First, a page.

It’s not like librarians don’t have better things to do than flog the latest John Grisham. The saddest aspect of this whole situation is that there is a far nobler role available to public libraries, one that would deliver important public goods without destroying the financial ecosystem of book publishing. That role, which libraries, to their credit, are increasingly fulfilling, is to serve as community centres and social-service outlets.
Libraries give people access to the internet, help with job searches, teach basic courses on computer literacy, aid in immigrant settlement, promote lifelong learning and provide community and a safe and edifying public space. It’s wonderful that libraries do these things, while also making books available to children, to people who genuinely can’t afford them and to people who need them for research or work. We need libraries to keep doing these things. They just need to do it without cannibalizing the publishing industry.
Which returns us to the crux of the matter: For their funding, libraries rely on the traffic generated by pimping free entertainment to people who can afford it. All the genuine good they do is to some extent made possible by being a net harm to literature.
This misalignment of interests between libraries and publishing is coming to a head. In recent years, libraries have put more emphasis on digital formats (e-books and audio books) that are downloadable on your computer or smartphone. They save patrons the trip to the library and encourage more traffic, albeit of the digital variety. Now, after COVID-19, digital formats are not only easier but safer – a double advantage.
Publishers are displeased with the spike in digital lending. There was at least a theoretical chance that a paperback book would get replaced after somewhere between a dozen and 20 borrowings. Not so with digital materials.
Publishers are beginning to fight back, doubling or tripling the prices for library copies of e-books. Some are leasing e-books to libraries rather than selling them into the permanent collection; that way the lease can be renewed, say, every two years, generating more revenue for the publisher. Macmillan tried to limit the number of copies of an e-book it would sell to libraries until the book had enjoyed a run of several months in bookstores. The librarians used public protests and boycotts to bully Macmillan into backing down.
Whatever the approach, publishers are belatedly trying to prevent libraries from teaching readers that books have no commercial value, that their content is free. It took a lot to bring them to this point, in part because publishers, too, have trouble conceiving of their beloved libraries as a threat to their business. Also because it’s notoriously difficult for businesses to register slow-moving competitive threats, which is what libraries have become.
There are only two possible solutions to the misalignment of interests between libraries and the publishing market. The first involves money.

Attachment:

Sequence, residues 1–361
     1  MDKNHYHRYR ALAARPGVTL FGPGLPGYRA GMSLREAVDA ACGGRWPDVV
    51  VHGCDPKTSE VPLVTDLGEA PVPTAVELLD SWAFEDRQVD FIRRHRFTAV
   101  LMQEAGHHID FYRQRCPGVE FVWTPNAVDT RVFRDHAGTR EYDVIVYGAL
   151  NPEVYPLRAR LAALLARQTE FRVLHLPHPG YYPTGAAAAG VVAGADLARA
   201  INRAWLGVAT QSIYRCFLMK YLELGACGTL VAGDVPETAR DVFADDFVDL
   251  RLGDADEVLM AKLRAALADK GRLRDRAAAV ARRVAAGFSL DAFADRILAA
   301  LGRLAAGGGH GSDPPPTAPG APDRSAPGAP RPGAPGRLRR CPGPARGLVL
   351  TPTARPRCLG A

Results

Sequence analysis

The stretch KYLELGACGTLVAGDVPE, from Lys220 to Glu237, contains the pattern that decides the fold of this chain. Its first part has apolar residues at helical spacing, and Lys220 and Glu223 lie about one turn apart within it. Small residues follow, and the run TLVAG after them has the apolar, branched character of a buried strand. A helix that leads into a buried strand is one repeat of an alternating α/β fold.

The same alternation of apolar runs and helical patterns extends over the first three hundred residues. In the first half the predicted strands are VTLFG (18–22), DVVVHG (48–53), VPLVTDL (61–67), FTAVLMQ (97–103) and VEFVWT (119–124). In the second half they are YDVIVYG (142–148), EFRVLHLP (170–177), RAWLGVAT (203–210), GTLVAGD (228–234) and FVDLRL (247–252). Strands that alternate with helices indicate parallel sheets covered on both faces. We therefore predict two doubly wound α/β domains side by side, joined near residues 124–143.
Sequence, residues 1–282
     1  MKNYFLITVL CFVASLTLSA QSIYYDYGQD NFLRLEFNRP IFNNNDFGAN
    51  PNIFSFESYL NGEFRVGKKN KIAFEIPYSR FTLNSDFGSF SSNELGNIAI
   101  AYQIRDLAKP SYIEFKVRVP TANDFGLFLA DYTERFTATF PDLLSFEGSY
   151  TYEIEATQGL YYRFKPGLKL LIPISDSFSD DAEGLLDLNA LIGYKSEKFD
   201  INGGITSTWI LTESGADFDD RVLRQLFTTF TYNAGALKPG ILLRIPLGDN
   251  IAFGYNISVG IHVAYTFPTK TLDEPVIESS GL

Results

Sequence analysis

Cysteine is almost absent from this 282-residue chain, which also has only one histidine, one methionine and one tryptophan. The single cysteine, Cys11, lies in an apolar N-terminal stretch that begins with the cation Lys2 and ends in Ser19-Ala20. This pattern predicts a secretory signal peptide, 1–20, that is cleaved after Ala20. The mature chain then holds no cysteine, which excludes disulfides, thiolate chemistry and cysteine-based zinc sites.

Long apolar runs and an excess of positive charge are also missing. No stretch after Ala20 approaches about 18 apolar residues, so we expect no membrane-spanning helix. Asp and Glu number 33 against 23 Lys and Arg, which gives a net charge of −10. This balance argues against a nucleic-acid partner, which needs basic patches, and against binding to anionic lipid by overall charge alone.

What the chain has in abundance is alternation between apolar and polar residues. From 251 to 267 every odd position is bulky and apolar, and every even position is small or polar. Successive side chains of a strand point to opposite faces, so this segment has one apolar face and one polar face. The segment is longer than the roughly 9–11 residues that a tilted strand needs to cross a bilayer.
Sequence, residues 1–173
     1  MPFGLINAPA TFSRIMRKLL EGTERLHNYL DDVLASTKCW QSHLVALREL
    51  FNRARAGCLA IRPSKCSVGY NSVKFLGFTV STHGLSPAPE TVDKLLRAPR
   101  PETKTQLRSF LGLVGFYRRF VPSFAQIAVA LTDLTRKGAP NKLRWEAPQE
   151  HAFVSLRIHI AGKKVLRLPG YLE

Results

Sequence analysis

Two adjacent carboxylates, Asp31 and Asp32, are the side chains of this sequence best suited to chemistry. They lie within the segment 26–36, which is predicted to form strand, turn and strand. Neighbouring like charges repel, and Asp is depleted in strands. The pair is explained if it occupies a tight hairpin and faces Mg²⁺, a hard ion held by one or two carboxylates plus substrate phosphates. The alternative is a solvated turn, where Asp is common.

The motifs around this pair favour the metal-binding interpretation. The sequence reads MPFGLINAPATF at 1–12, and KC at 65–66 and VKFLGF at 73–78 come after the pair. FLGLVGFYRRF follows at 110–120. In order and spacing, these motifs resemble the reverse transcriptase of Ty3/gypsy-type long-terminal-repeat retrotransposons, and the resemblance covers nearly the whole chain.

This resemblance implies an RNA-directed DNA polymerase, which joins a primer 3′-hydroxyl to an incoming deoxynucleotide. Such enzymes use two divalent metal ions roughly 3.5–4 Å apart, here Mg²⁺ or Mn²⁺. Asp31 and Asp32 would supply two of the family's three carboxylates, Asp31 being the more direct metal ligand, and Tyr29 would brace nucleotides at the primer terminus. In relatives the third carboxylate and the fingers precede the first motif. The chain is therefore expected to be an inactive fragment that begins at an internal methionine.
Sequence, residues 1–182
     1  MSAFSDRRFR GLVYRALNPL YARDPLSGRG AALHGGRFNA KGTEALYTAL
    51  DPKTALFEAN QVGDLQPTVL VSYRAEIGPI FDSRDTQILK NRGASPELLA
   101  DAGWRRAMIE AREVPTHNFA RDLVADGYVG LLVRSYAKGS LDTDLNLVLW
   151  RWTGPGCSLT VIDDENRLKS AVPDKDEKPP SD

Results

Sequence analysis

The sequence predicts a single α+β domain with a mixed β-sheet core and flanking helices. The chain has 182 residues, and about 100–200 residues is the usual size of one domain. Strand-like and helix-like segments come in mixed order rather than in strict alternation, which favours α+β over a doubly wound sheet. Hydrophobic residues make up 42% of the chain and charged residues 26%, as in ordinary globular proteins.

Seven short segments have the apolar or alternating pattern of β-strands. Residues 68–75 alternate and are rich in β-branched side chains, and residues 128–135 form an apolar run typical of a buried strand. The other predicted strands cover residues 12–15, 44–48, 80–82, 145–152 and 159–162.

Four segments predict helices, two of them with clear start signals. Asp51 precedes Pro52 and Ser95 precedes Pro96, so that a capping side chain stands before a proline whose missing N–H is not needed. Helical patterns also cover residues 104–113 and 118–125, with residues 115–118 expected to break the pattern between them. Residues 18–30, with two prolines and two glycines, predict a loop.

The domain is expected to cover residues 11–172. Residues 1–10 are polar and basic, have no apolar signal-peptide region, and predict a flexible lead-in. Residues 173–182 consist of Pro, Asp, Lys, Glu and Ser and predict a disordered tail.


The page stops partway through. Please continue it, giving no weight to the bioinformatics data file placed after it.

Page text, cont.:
More money would solve the problem. If libraries, or the governments that fund them, or the people who use them, paid more for the right to borrow books, that money could be returned to publishers, bookstores and authors.
The libraries themselves, with their growing social responsibilities, insist that they can’t afford to pay more. Perhaps adults, then, should pay for the right to borrow books for entertainment – something in the range of a Netflix fee, $12.99 a month (those below a certain income level could be exempted from the charge).
Or maybe Ottawa’s “public lending right” program, which at present throws a few beans at guileless authors in compensation for the use of their works in libraries, could be vastly expanded (and adopted in the U.S.).
If those solutions are unpalatable, all that’s left is access. Publishers will begin to ration their popular books, the ones that pay the bills, for the library market. The Toronto or Dallas library system will be permitted, say, six copies of the next Stephen King instead of 60. Readers will be forced to choose between waiting months to borrow a popular volume or acquiring it at retail.
Changes of this nature will be controversial. Borrowers will be unhappy because they’ll have to stand in line or pay. Librarians will be apoplectic. They genuinely believe they are doing heaven’s work, and in some respects they are, but not by undermining the literary culture that is the basis of their existence. Giving away another’s product at no charge has to be the cheapest form of benefaction.
Important as libraries are to civic culture, the books that fill them, and the people who make those books, are more so. A commercial publishing industry is unsustainable if four out of every five readers are reading at no charge. Booksellers and publishers need to make money, and tens of thousands of remarkably talented authors need to be able to dream of someday living as well as librarians.